Categorized | Cat

Tips To Deter Feral Cats From Your Yard

Even if you are a cat lover, you probably wouldn’t want uprooted saplings in your garden or to step on cat poo when you are walking round your yard. And yet, that is exactly what happens when you cannot stop feral cats from encroaching in on your territory. When keeping ferals off, remember that they are nothing if not persistent, and that you’d have to keep at it for a while if you are trying manual methods of deterring them.

1. Cats are fussy creatures
Take advantage of that fact and water down the yard boundaries so that their delicate feet step on muddy ground if they venture in. However, to successfully try this method, you’d have to have a really large yard because cats, as we know, can jump really well. In case watering down the ground does not work for you, use chicken mesh or large pebbles or similar rough textured material on the ground. Cats like to laze around and will find it irritating if the ground is not clear enough for them to loll on. Also, they like to dig loose earth when relieving themselves. The idea of sifting through pebbles may not appeal to them.

2. Prevention is better than cure
Cats, as we noted earlier, are persistent. And you cannot possibly cover your whole yard with unwelcome material. It is best if you can prevent their entry to begin with. Anything that causes a lot of noise will scare them. You can keep tin cans strung on a trip-wire of sorts that will cause a huge ruckus when the cats brush against them. That will make them run away and if this keeps happening, they will probably want to keep away for good. But with ferals, you never know, and it might be a better idea to try humane electronic repellants.

3. Show them who’s the boss!
This will require that you keep steady vigil for a couple of days with a water pistol or a garden hose. The moment they try to enter, scare them off with water. No self respecting cat will like the idea of water being sprayed on its well kept fur and will likely give up after a couple of tries. Problem is, there could be new feral cats arriving who do not yet know how unwelcome you can make them feel. And it may not be a plausible solution to stand around with that garden hose forever.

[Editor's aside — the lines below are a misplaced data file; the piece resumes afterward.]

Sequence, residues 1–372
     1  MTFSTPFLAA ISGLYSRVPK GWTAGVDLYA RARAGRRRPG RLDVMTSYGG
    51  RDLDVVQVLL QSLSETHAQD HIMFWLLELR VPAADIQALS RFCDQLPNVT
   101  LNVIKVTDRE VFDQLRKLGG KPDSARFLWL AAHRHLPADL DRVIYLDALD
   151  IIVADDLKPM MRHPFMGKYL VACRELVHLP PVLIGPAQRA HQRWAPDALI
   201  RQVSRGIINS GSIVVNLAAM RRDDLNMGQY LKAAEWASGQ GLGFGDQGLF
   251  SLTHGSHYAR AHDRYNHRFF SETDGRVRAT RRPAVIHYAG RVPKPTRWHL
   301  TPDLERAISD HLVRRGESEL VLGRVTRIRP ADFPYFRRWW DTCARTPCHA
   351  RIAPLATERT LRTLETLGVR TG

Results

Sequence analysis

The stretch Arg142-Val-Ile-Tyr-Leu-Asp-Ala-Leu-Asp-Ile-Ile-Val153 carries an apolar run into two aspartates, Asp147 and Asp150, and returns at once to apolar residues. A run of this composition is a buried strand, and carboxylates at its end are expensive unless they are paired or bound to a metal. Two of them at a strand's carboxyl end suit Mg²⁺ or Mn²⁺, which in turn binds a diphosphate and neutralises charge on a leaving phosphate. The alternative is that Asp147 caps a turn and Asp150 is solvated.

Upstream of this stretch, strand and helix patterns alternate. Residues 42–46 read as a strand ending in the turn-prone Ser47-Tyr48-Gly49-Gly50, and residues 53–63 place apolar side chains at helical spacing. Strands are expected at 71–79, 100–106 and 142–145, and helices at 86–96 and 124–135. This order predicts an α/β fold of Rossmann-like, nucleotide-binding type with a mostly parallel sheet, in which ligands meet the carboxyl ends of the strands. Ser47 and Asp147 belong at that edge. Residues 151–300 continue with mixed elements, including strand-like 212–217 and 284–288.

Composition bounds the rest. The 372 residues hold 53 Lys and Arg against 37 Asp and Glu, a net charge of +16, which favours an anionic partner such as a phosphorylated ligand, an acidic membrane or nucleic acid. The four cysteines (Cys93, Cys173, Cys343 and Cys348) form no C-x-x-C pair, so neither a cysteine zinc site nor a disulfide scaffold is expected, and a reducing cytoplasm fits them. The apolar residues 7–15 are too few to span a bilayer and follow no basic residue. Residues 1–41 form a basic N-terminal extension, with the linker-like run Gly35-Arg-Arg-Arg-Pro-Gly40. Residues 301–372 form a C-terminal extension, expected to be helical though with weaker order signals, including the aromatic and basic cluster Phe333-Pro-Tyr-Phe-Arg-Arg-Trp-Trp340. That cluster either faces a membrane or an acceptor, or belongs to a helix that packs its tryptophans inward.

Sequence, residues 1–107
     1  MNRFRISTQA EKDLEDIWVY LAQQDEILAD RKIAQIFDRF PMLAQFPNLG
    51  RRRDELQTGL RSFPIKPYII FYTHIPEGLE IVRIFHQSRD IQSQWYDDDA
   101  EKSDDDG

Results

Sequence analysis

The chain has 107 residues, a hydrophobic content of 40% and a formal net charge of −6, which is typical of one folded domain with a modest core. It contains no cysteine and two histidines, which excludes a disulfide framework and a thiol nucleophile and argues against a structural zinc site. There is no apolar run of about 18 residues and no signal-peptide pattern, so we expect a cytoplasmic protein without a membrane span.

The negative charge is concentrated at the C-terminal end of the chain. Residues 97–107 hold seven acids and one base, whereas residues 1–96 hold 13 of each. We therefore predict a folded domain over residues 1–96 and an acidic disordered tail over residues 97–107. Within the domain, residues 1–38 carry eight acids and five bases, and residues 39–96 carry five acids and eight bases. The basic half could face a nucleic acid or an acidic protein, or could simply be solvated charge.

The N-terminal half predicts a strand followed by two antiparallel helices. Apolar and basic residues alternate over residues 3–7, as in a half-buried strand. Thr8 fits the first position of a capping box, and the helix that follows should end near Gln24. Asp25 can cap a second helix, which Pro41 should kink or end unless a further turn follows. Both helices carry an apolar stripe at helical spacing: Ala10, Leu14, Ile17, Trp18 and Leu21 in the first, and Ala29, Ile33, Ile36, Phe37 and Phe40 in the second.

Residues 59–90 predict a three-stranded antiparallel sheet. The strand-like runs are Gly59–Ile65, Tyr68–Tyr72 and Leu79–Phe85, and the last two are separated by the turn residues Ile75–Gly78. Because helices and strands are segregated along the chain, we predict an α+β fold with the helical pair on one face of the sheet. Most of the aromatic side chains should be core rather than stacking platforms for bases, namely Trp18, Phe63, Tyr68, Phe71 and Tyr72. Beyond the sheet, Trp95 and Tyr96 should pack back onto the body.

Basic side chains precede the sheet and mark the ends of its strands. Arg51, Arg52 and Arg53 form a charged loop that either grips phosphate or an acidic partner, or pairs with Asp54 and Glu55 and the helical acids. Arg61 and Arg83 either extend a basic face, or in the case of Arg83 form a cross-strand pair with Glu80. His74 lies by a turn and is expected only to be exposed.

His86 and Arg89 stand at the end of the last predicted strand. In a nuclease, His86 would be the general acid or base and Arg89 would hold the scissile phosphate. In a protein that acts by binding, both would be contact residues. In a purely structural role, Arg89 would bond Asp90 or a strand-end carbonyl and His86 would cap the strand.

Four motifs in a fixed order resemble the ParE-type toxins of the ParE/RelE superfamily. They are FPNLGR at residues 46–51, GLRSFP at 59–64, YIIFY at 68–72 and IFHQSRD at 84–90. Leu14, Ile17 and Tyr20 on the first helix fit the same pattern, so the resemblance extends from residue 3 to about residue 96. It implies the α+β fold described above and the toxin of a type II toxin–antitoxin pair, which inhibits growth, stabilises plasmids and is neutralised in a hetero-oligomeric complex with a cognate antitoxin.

4. Plant stink bombs
Cats don’t like strong scents and there are suggestions that dried blood or commercially available grainy / powdery substances with cat predators’ urine scent in them can keep cats away. Problem is, you might be inviting such predators if they happen to be nearby and then you’d have a bobcat problem! Also, field mice might want a taste of that blood meal and then you’d have a really bad situation with your garden plants. There are certain plants and trees that cats are not too fond of, apparently. Try planting rue, lavender or scaredy cat plant (coleus canina) and see if this works. In our experience, most ferals will just seek out an alternative spot – still inside your yard. But its worth a try especially if you can line the boundary wall with such plants.

5. Starve them away
We don’t literally mean that – please be kind to animals! What we do mean is that if you keep your yard full of food crumbs, you will be inviting feral cats and heaven knows what else. Cleanliness is highly recommended since food is one of the most important things that could attract ferals to your yard given that they have no human to provide for them.

6. Afford them no shelter
Again, not to be taken to mean cruelty – but if you don’t want ferals around, keep your doors closed. Any garage or tool shed or similar structure that can make them want to seek shelter in there for breeding is best kept closed at all times unless you are working inside it. Finding a safe spot to raise their litter is one other important reason ferals might want to visit you.

7. Help them
Use humane traps to ensnare them and then turn them over to Trap Neuter Return programs. One reason you are having to brainstorm for ideas to keep feral cats away is that their population is unchecked. Too many cats means too many problems for humans and a miserable existence for them with not enough food or unclaimed space. If you can get yourself to use this method of keeping cats away from your yard – at least once in a while, you’d be doing everyone a favor, including the cats.

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